Poll shows broad support for Endangered Species Act reform

Nearly two-thirds of Americans support modernizing ESA and believe the act should help with species recovery.

Most Americans think the Endangered Species Act is outdated and needs to be revised, a survey by Morning Consult shows. The American Farm Bureau said the poll conducted in early August “adds impetus to congressional efforts to overhaul the increasingly outdated 1970s-era statute.”

The survey shows that 63% of Americans support modernizing the ESA. It also found that 62% of Americans believe the act should help with species recovery, as opposed to merely cataloguing changes in their populations.  

“The intent of the Endangered Species Act is inspiring, but results have been less so,” American Farm Bureau President Bob Stallman said. “Farmers, ranchers and environmentalists agree that we must save wildlife facing preventable extinction, but the current recovery rate of less than 2% shows the law is a failure.”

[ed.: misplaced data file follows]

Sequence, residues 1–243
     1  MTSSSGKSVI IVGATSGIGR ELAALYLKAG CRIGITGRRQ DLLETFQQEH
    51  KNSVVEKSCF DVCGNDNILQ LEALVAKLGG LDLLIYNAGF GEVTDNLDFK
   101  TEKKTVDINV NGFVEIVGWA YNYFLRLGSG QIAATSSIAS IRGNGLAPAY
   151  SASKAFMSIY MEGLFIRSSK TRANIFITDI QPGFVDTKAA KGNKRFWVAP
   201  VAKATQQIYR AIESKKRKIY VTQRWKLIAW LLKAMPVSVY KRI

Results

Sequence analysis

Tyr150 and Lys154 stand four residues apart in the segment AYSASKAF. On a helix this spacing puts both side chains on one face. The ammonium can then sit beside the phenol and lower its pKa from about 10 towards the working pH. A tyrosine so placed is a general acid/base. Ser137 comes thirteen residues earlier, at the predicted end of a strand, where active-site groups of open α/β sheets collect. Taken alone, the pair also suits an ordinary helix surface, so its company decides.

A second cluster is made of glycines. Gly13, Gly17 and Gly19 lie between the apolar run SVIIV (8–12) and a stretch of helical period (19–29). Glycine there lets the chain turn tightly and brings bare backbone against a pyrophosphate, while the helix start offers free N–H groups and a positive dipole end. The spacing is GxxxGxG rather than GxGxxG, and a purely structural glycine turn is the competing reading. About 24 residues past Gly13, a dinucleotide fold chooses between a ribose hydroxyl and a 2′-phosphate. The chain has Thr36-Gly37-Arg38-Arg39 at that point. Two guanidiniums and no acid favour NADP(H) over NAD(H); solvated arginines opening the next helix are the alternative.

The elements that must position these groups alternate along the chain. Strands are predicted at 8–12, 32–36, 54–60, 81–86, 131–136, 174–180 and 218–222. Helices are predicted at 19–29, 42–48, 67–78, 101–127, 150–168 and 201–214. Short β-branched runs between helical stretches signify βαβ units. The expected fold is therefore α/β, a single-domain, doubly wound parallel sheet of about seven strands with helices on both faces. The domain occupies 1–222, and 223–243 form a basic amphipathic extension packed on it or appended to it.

The survey also found that 69% of Americans want the federal government to offer resources to third parties to help species recovery; and 49% of Americans believe that state or local authorities, rather than the federal government, lead in recovery of endangered and threatened species. Only 31% of Americans favor the federal government taking the lead.

“Today, many landowners hesitate to establish habitat that would help endangered species. That’s so because the law itself makes it impractical for them to use their land once they have made the effort to help in the first place. The ESA can and must be modernized to protect endangered species and respect private property rights. Neither agriculture nor the endangered species have time to wait.”

Read more on the study here.

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